In the past three years alone, as the Chron is reporting via a new report by CB Richard Ellis, tech companies have leased 40% more office space than in the entire five-year period we now call the dot-com boom.
The biggest difference, perhaps, between then and now is the fact that more tech-sector companies have caught on to the fact that their employees would much rather live and work in San Francisco, rather than commute to the Peninsula, which has resulted in more big companies and startups alike grabbing up office space in the city.
As the Chron notes, though, this could spell bad news, especially for the real estate market, should the tech sector tank like it has before.
"When you look at the job-growth figures, it's so dominantly tech that should it falter, it would have a big impact on the market," said Colin Yasukochi, director of research and analysis at CBRE and the principal author of [the office market study].
Whether we're in a bubble has become a boring semantic debate. But we do know that this boom will end, because all booms end.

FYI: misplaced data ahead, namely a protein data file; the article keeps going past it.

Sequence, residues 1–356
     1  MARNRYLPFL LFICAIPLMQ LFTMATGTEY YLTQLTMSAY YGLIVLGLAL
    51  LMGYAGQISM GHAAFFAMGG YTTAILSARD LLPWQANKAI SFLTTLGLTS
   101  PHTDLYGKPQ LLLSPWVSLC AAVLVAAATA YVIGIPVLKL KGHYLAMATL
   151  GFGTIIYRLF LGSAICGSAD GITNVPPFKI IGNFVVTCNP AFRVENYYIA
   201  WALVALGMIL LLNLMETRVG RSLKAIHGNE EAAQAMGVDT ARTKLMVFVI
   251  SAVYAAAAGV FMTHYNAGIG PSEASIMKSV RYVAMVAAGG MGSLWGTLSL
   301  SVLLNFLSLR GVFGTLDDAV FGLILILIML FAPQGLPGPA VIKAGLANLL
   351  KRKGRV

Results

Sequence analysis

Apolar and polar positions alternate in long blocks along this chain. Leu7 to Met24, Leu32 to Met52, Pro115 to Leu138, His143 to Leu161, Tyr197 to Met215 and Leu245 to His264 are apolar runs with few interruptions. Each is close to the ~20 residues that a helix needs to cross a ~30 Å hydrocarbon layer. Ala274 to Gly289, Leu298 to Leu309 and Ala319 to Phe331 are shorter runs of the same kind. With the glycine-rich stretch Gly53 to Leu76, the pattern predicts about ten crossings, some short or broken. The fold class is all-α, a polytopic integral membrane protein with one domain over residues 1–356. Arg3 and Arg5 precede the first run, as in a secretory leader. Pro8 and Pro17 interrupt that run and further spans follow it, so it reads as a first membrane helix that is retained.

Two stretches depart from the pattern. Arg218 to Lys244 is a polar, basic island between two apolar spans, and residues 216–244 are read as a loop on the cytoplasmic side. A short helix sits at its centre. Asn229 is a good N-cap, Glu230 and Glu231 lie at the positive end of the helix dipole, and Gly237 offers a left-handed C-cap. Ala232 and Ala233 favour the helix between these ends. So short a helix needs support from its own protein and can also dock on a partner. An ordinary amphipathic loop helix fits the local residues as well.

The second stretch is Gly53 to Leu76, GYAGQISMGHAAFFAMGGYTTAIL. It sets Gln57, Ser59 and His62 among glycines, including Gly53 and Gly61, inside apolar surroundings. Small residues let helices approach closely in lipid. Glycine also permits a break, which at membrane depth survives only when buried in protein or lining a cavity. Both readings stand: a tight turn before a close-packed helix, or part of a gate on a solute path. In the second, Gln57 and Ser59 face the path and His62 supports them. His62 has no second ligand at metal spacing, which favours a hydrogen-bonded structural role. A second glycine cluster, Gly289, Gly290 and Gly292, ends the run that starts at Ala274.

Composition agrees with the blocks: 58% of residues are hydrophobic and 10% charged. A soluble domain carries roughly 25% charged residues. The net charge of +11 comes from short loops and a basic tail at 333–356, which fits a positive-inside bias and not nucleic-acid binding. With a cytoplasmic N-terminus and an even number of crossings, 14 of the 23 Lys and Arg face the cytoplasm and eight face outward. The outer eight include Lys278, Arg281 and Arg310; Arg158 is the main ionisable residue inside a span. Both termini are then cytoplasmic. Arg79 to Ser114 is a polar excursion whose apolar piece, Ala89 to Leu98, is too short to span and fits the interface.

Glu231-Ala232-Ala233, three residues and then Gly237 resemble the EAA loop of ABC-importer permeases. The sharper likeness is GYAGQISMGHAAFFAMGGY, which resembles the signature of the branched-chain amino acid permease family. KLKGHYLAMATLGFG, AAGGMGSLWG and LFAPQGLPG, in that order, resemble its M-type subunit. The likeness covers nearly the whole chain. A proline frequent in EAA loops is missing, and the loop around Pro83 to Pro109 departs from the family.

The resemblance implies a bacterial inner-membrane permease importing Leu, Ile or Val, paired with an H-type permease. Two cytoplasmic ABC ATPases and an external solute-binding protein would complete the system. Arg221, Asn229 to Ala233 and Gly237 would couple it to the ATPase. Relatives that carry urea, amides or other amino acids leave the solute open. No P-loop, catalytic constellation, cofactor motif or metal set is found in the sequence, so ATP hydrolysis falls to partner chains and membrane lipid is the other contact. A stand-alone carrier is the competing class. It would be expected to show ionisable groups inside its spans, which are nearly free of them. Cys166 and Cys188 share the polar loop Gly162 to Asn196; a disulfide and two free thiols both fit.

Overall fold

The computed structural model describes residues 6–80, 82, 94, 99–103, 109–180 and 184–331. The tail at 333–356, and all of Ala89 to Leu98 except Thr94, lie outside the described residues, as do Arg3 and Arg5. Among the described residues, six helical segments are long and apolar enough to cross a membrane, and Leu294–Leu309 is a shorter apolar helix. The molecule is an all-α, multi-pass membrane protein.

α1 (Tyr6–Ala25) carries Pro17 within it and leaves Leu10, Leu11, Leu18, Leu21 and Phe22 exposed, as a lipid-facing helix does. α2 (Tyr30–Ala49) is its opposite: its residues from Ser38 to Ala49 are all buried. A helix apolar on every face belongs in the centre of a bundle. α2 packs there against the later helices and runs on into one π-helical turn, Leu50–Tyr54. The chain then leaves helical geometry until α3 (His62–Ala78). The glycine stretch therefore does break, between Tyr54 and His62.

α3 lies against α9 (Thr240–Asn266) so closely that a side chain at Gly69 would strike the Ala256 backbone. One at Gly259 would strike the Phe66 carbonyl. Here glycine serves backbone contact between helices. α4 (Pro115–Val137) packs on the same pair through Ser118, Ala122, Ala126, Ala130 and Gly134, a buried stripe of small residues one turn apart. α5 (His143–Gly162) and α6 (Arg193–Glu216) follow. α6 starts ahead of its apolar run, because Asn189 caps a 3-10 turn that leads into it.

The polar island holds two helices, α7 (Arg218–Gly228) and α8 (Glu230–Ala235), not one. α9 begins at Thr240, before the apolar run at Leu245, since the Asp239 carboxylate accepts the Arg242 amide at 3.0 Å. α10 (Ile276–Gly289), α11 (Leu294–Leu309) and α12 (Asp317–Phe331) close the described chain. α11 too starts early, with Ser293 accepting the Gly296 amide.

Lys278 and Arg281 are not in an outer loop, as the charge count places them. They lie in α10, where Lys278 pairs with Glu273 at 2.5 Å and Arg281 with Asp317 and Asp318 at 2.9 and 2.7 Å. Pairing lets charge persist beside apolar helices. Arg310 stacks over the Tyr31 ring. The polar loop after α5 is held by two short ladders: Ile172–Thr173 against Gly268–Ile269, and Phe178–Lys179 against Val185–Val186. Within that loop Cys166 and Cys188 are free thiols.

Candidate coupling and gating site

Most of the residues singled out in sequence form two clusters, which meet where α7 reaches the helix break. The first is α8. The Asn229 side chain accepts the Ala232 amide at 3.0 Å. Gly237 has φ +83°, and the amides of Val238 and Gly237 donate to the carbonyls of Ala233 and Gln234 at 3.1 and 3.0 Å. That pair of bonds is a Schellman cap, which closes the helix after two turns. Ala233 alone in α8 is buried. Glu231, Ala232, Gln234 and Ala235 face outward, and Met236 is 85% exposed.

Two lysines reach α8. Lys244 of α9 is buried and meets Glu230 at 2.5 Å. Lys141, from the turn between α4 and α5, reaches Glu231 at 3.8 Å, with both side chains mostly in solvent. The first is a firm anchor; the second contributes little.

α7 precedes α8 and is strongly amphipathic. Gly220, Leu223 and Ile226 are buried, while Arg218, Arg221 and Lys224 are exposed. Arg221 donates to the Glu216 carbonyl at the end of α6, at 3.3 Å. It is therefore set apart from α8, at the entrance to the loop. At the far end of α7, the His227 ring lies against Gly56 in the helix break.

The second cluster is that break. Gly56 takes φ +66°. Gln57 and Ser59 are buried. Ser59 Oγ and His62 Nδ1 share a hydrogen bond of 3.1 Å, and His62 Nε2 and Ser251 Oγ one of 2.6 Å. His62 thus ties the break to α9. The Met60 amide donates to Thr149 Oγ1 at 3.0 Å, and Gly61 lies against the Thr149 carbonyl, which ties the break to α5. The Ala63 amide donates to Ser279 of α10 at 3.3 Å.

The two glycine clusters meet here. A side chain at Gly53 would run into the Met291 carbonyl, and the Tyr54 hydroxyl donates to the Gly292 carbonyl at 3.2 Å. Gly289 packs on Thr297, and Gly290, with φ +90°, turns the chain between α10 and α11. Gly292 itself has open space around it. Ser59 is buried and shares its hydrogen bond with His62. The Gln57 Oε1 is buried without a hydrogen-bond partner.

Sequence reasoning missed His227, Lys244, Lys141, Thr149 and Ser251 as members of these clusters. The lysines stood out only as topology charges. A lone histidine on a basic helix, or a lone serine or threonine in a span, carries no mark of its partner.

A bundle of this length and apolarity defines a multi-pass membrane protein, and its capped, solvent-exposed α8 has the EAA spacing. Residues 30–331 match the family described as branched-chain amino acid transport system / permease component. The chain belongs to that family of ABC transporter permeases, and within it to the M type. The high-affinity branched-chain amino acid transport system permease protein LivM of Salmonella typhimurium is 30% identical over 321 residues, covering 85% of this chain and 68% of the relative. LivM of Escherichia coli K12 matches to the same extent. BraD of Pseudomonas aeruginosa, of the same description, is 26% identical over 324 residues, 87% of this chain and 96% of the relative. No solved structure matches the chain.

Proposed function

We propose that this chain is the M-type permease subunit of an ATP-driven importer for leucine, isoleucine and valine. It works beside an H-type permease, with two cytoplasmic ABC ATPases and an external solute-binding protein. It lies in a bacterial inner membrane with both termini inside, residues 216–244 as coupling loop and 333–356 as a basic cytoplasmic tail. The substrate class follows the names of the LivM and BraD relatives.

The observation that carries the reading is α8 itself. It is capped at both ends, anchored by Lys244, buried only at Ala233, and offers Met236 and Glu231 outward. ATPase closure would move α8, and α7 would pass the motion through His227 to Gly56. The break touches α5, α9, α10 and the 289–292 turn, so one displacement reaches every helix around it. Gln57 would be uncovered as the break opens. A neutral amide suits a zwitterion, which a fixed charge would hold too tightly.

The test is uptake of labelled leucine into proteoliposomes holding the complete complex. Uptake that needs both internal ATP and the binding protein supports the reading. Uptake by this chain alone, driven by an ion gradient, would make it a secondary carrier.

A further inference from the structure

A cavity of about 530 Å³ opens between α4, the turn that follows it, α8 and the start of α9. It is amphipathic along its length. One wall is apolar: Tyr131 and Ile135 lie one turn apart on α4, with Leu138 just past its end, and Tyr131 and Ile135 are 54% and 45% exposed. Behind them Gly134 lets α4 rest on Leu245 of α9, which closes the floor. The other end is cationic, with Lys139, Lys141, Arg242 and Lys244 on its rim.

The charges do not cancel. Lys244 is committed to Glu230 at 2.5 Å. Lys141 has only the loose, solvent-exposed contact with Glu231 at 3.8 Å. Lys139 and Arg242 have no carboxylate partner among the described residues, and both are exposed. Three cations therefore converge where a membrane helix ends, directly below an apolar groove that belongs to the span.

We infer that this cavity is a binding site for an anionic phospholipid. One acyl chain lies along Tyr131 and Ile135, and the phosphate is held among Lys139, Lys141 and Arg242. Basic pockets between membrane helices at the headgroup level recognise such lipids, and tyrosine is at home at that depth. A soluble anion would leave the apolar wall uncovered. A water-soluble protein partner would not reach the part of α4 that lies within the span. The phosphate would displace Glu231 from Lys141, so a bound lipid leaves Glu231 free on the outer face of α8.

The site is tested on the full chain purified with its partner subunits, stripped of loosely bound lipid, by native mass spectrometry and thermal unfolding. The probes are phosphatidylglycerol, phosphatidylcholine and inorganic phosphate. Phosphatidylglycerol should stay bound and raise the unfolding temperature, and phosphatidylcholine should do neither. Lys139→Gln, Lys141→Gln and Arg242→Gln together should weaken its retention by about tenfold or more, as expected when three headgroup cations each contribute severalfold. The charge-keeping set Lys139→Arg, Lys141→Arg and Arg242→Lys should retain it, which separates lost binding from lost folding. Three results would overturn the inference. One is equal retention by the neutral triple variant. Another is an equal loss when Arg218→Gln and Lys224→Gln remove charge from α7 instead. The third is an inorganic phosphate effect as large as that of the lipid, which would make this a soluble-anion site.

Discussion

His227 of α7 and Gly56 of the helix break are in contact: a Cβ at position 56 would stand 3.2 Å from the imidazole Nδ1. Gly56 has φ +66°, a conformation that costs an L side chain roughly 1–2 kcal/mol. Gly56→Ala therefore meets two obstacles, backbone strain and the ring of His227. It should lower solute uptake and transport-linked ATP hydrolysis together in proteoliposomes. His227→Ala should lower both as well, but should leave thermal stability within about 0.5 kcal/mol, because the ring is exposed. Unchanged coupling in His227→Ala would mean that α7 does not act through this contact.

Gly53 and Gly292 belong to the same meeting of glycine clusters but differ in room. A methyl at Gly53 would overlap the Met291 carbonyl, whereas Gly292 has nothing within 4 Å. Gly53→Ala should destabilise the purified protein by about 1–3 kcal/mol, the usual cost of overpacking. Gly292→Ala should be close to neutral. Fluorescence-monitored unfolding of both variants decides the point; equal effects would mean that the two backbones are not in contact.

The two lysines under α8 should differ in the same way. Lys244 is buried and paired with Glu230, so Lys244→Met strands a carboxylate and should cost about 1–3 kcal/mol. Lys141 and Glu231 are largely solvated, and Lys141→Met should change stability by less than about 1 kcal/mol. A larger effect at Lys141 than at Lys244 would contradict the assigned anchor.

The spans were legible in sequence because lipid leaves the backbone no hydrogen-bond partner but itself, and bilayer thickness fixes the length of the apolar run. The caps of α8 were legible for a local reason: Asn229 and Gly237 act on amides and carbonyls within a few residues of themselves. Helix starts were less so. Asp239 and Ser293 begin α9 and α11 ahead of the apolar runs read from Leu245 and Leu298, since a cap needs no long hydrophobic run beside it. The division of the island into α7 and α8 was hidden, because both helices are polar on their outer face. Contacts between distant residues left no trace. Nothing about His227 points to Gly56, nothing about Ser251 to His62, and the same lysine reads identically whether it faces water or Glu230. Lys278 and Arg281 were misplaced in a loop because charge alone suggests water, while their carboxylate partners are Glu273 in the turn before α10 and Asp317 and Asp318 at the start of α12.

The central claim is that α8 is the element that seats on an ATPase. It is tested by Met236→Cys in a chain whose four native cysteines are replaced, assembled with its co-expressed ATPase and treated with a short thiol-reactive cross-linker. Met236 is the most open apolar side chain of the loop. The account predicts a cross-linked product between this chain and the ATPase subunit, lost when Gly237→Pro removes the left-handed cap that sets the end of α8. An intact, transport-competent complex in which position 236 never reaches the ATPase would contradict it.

The real questions are when will it happen - and how painful will it be when it does?
Office rents in SoMa have risen a whopping 87 percent since 2009, with a big chunk of the city's 15.5 million square feet of newly occupied office space being in that neighborhood. A lot of that square footage was from big deals by companies like Airbnb, Square, Twitter, Yelp, Zendesk and Zynga. (Here's a look at Yelp's brand new headquarters at the renovated 140 New Montgomery.) And just like during the dot-com boom (when, dear readers, this editor was employed by a company that shall remain nameless who signed a ten-year lease for two floors of lavish space overlooking the Bay at Fisherman's Wharf only to fold within 18 months of signing that lease), many companies are leasing more space than they need. And that might be a bad sign.
All booms end, indeed, but will the city weather this cycle with some more resilience than last time? Is the industry smarter and more profitable than it was back then, when everyone was dizzyingly high on the idea that the marvelous Internet was going solve every last one of the world's problems? Will this be a soft bust, like a fall from a single story onto a big bouncy trampoline, or will we all fall hard, like a big bag of rocks off that same roof onto pavement? The next year or so may hold some answers.
Until then, happy holidays! Enjoy those bonuses!